Home » Cabinet Data Gap Backlash As Ministers Split Over New Covid Curbs And Demand More Information

Cabinet Data Gap Backlash As Ministers Split Over New Covid Curbs And Demand More Information

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Fears the NHS could be overwhelmed with Omicron cases, one of the key concerns that spooked ministers into talk of Christmas lockdowns, appear to be unfounded based on the current data, it was claimed last night.

London’s hospitals have seen a spike in cases of patients with coronavirus, leading to fears hospitalisations are following the exponential increases seen with cases in recent weeks.

However a leading Covid expert revealed around half patients being admitted to London’s hospitals each day were already in hospital for something else.

Cambridge professor Sir David Spiegelhalter said it showed Covid was rife in London and many people had it without knowing.

If the rise in Covid cases in hospitals was because people were becoming severely ill with Omicron symptoms, admissions could be expected to continue to increase swiftly.

But if all that is happening is a higher proportion of the public have the disease, and some of them end up in hospital in the normal manner, then although hospitalisations ‘with Covid’ will rise, overall admissions should remain manageable and numbers may not rise exponentially.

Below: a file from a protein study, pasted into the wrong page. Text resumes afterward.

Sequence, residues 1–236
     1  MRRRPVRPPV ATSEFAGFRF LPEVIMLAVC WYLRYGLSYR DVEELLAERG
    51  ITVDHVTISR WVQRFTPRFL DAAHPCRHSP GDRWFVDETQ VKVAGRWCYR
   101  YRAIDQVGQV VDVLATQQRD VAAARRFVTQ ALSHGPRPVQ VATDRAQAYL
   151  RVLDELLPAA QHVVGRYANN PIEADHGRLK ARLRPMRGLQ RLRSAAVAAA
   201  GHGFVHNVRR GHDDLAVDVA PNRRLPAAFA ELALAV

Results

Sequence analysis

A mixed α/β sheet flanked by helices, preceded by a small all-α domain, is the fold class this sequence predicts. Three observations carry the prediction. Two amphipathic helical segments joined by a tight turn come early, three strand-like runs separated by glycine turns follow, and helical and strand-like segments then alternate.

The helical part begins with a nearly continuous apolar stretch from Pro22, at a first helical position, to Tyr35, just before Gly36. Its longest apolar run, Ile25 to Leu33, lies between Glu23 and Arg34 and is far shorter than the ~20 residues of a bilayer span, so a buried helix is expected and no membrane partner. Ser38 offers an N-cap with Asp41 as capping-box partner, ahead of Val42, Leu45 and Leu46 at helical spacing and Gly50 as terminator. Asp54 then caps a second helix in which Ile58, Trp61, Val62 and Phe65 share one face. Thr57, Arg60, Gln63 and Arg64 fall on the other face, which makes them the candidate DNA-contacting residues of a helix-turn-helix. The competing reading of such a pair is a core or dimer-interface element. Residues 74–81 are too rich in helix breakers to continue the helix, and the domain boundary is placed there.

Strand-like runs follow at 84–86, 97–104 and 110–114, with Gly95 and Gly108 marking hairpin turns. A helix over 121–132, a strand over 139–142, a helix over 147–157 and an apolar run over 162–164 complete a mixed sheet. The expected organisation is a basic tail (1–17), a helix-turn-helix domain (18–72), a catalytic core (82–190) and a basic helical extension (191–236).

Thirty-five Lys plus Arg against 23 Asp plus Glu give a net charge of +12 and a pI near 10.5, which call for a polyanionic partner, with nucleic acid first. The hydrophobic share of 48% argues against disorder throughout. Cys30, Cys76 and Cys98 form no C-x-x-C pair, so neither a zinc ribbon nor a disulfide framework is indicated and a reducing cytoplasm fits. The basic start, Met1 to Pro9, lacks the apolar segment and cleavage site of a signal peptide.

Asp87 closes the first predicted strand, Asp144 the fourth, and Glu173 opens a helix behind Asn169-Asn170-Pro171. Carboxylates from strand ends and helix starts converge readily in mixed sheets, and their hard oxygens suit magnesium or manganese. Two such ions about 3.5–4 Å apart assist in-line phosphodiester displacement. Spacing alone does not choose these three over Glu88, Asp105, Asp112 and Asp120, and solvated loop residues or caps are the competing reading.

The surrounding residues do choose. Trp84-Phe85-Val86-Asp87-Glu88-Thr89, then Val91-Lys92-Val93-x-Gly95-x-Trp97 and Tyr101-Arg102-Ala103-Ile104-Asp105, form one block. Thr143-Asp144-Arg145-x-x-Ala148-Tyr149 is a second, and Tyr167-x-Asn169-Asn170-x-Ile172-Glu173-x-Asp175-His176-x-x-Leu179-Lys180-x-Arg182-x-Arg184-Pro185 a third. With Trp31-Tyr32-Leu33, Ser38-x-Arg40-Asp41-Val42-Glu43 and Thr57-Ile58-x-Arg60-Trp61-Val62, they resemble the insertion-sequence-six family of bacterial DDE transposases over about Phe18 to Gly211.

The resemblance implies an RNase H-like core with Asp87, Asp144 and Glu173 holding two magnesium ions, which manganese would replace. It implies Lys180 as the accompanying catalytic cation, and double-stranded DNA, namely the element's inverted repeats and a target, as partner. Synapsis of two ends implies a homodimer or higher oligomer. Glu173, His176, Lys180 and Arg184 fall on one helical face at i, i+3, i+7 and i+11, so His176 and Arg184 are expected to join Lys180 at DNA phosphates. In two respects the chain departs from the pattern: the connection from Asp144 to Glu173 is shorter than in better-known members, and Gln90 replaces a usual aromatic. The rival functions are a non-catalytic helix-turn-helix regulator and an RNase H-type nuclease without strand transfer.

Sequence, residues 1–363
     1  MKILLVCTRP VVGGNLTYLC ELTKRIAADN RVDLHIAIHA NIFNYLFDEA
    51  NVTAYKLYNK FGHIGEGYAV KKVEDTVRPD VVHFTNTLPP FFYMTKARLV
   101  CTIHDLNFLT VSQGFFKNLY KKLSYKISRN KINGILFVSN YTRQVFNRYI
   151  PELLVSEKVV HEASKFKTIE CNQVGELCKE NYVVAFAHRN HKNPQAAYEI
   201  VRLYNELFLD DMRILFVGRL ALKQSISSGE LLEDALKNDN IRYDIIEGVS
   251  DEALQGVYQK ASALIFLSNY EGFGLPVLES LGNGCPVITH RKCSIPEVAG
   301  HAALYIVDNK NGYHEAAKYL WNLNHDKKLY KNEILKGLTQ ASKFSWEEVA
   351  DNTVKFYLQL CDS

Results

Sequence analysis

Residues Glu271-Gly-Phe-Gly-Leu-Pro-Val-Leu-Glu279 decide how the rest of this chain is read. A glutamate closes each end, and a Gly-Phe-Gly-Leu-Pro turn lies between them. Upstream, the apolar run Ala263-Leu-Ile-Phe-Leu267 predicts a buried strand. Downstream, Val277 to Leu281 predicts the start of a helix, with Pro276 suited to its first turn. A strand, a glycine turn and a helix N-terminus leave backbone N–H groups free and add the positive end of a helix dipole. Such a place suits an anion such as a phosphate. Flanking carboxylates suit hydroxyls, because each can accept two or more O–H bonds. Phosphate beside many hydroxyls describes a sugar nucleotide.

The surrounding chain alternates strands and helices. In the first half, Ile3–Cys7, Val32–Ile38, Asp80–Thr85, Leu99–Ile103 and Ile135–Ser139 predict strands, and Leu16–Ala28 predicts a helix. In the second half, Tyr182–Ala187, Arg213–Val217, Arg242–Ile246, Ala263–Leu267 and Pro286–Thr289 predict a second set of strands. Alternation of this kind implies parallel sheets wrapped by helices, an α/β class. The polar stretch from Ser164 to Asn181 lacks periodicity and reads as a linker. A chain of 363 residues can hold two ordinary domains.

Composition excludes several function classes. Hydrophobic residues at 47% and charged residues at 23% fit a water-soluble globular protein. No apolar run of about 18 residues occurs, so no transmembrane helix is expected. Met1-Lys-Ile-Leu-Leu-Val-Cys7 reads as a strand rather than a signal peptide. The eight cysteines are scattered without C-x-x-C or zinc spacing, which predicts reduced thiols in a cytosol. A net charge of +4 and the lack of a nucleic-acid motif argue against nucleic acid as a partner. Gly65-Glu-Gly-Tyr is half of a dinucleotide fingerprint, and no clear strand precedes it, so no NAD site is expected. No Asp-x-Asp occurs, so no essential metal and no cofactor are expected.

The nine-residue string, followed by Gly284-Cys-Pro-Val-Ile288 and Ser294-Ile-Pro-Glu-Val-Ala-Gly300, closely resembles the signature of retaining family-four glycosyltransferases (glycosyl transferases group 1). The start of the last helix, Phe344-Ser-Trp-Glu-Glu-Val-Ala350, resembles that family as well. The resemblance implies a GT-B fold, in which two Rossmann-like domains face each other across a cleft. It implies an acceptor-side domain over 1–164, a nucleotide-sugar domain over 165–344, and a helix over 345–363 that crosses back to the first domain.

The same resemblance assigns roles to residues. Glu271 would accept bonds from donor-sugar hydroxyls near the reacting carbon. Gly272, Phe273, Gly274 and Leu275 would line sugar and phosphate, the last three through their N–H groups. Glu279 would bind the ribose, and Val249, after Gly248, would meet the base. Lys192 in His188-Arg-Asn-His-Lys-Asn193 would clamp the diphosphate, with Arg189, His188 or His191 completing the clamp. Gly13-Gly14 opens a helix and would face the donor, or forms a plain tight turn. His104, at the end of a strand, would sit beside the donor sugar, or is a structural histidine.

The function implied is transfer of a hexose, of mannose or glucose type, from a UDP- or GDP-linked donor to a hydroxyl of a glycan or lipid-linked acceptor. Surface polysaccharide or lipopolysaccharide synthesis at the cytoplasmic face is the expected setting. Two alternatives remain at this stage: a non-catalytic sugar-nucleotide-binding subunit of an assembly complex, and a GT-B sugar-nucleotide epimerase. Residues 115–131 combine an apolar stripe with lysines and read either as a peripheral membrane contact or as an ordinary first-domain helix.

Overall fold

Sir David said experts will be watching the situation in London carefully in the coming days.

‘The speed by which [hospitalisations in London] are going up may be slowing down,’ Sir David said. ‘It’s not looking quite as bad as it was in terms of the speed of increase.’

Ministers, MPs and health experts have demanded better data on the impact of Omicron amid a row over the modelling used to push the case for new Covid curbs.

At an emergency Cabinet meeting lasting more than two hours, Rishi Sunak, Liz Truss and Grant Shapps were among several ministers who are said to have called for more precise information on the likely impact of the variant.

Jacob Rees-Mogg, Alister Jack and Nigel Adams were also said to have opposed any reintroduction of punitive curbs without clearer evidence of Omicron’s severity.